Toxicity of Sulphur Gases
Concentrations of H2S in the environment are rarely high enough to be toxic to plants. However, accidental emissions from sour-gas plants (where H2S is removed from natural gas) may cause local vegetation damage. In contrast, concentrations of SO2 in cities and near industrial sources are often high enough to injure wild and cultivated plants. Near certain metal smelters, vegetation has been severely damaged, as we examine later.
An exposure to 0.7 ppm SO2 for one hour will result in acute injury to most plant species, as will 0.2 ppm over an eight-hour period. It is important to note, however, that certain species are extremely sensitive to SO2 exposures (they are hypersensitive) and can suffer acute injuries at concentrations lower than those just noted.
In addition, plants will often exhibit a reduction in yield when exposed to concentrations of SO2 that are lower than those required to cause an acute injury. This type of response, which occurs without symptoms of acute tissue damage, is referred to as “hidden injury”. Hidden injuries to wild and agricultural vegetation are measured by enclosing plants in experimental chambers and exposing them to either air containing ambient levels of SO2, or that that has been filtered through charcoal to remove that gas. If productivity is greater in the filtered air, it follows that the ambient SO2 was causing a hidden injury. Studies of pasture grasses have found that exposure to SO2 concentrations averaging only 0.04 ppm would cause hidden injuries as reductions of yield.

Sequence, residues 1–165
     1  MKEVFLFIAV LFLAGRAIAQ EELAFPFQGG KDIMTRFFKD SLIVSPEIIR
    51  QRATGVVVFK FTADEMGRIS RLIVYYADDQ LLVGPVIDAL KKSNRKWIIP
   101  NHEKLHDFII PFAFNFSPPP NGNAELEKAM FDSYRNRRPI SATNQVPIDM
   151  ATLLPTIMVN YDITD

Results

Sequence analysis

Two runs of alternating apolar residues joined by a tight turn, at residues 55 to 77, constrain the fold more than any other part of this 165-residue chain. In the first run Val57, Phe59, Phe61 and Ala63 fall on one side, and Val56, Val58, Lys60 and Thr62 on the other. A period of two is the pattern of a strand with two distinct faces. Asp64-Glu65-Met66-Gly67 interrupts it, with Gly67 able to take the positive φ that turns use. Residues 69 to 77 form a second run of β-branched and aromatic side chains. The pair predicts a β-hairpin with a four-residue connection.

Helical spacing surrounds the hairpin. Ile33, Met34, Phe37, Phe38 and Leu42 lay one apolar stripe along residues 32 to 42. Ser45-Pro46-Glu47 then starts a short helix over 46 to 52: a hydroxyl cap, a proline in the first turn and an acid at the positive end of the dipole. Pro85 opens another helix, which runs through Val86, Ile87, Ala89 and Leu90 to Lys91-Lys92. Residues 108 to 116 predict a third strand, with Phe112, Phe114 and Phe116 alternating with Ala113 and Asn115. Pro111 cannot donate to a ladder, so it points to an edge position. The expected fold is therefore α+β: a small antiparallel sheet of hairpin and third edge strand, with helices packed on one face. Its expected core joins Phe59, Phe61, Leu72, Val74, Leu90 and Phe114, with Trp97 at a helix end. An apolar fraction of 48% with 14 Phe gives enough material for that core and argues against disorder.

The Canadian air-quality guideline for ambient SO2 in the atmosphere is a maximum of 450 µg/m3 (0.17 ppm) over a one-hour exposure (Table 16.3). This guideline is based on the concentration that causes acute foliar (leaf) injuries to most agricultural plants. Although regions meeting this guideline would not show much acute damage to vegetation, relatively sensitive species might be affected through hidden injuries, possibly resulting in significant losses of yield.
Humans and most other animals are much less sensitive to SO2 than plants are. Guidelines for allowable exposures of people to SO2 and other potentially toxic gases accommodate the fact that, in terms of dose received, longer-term exposures to low concentrations can be as important as higher acute exposures.
Guidelines for occupational exposures to air pollutants are frequently greater than those for ambient exposures. In North America, it is recommended that occupational exposures to SO2 be no higher than 2 ppm (5.2 mg/m3) over the long term, and no higher than 5 ppm (13 mg/m3) for shorter exposures. However, some people are relatively sensitive to SO2, and concentrations less than 1 ppm (2.6 mg/m3) may cause them to suffer asthma or other distresses related to impaired lung function. In addition, some studies have suggested that long-term exposures of large human populations to sulphate particulate aerosols (which are ultimately derived from gaseous SO2) in cities may result in small increases in the incidence of respiratory and circulatory diseases, most probably in hypersensitive people.